The final decision stage is mostly perceptual, relating to how space is conceptualised for the purposes of modelling the data. For example, space may be thought of as a regular grid (e.g. comprising squares, or other regular forms of tessellation, such as hexagons - see Grecian et al. 2016). In that case, the spatial data take the form of counts and are modelled by appropriate probability models such as the Poisson. Alternatively, space may be thought of as continuous and different spatial locations may be characterised by whether a species was present or absent. In that case, spatially reference data take the form of zeroes and ones and the most appropriate probability model is Bernoulli (Aarts et al. 2008). Yet another approach within the continuous space framework is to imagine that observations of organisms appear at random locations almost like pin-lights that blink in and out at different time frames of observation. This framework, known as the Inhomogeneous Point Process, models the occurrence of events within a unit of time and space as originating from a smooth intensity surface, describing the instantaneous and infinitesimal rate of the Poisson process (Chakraborty et al. 2011, Aarts et al. 2012, Fithian and Hastie 2013, Renner et al. 2015, Fletcher et al. 2019, Miller et al. 2019). It is an elegant approach that makes an implicit comparison between use and availability, captures heterogeneities in the distribution of the population (e.g. due to environmental covariates) but, can with equal ease, use the intensity surface to represent heterogeneities in the distribution of spatial observation effort (so that, regions that receive no observation effort will have a zero intensity when modelling the data). The deciding trade-off between count, presence-absence and point process models is in whether the user feels comfortable in conceptualising infinitesimal quantities and is happy to relinquish the notion of explicitly contrasting use and availability for the advantage of greater spatial and temporal precision in model fitting and prediction.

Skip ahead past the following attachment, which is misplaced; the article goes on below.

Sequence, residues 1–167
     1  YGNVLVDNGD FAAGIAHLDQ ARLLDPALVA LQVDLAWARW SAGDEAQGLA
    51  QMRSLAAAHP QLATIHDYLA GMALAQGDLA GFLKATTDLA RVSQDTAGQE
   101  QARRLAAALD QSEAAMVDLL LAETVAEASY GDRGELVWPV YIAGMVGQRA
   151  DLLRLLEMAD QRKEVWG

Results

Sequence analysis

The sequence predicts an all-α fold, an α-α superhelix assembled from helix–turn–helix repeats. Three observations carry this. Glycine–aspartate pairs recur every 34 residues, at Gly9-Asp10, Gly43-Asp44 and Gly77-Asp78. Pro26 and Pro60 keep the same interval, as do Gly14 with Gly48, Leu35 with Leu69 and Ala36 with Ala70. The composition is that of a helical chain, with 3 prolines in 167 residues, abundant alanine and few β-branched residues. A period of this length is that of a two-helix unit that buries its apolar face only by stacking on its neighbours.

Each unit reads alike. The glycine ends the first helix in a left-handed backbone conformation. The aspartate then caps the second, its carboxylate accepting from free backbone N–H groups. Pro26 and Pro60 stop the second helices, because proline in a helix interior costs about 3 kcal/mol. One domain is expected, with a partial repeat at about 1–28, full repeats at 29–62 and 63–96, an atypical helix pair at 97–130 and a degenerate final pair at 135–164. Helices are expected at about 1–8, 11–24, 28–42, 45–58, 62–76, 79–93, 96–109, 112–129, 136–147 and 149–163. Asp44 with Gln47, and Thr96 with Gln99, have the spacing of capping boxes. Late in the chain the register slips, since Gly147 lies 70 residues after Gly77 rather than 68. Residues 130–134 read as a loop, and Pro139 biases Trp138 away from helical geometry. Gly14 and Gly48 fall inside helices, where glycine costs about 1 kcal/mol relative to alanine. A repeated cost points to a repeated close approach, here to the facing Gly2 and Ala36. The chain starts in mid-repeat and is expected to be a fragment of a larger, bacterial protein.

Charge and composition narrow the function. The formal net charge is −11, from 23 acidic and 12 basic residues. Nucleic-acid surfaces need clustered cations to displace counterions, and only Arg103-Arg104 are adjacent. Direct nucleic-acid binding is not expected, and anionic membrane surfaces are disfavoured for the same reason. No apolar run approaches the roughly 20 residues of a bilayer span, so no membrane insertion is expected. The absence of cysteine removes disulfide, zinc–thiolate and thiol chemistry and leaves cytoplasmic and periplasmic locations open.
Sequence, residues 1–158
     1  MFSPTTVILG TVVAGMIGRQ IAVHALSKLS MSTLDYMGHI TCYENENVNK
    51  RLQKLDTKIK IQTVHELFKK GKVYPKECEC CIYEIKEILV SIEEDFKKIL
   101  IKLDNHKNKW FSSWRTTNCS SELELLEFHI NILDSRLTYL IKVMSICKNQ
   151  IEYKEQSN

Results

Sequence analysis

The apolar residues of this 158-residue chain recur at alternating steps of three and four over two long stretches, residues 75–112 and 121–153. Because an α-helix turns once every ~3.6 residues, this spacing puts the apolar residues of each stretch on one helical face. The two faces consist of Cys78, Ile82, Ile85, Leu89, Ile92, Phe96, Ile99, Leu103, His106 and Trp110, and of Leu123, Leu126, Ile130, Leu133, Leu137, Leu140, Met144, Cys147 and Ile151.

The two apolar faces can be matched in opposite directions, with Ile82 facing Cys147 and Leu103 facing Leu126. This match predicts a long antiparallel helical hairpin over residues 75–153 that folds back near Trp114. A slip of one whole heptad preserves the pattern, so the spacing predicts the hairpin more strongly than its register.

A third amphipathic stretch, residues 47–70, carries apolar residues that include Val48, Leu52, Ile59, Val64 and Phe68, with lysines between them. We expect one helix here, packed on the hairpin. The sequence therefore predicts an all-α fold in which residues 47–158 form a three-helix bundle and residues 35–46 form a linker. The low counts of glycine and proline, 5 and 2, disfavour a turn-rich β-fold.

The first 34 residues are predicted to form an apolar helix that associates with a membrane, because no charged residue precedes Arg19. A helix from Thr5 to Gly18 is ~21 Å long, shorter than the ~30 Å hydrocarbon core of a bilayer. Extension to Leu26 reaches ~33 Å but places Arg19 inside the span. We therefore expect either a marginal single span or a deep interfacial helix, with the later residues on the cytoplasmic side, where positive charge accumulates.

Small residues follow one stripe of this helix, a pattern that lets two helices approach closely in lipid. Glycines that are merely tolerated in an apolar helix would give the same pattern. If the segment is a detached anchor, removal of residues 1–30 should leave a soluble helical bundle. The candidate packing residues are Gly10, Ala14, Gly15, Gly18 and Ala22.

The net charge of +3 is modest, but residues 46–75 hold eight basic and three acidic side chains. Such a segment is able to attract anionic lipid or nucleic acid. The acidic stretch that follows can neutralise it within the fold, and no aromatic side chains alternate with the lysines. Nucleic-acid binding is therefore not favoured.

Hybridisation of SDMs

Different modelling approaches to species distributions are often presented as non-overlapping, much as we did in the preceding section. This often gives the impression that the only way to deal with multiplicity of approaches is to compare their performance and choose the best (e.g. Oppel et al. 2012). However, there is a methodological kinship between many of these approaches that is rarely apparent in the applied literature. Having so far organised the literature as a sequence of three strict dichotomies and a final trichotomy (Figure 1), it is good to take a less clear-cut, but more synthetic and conciliatory view on the above decisions. It is, in fact, the case that a hybrid approach is possible that retains the best elements of all the approaches discussed above.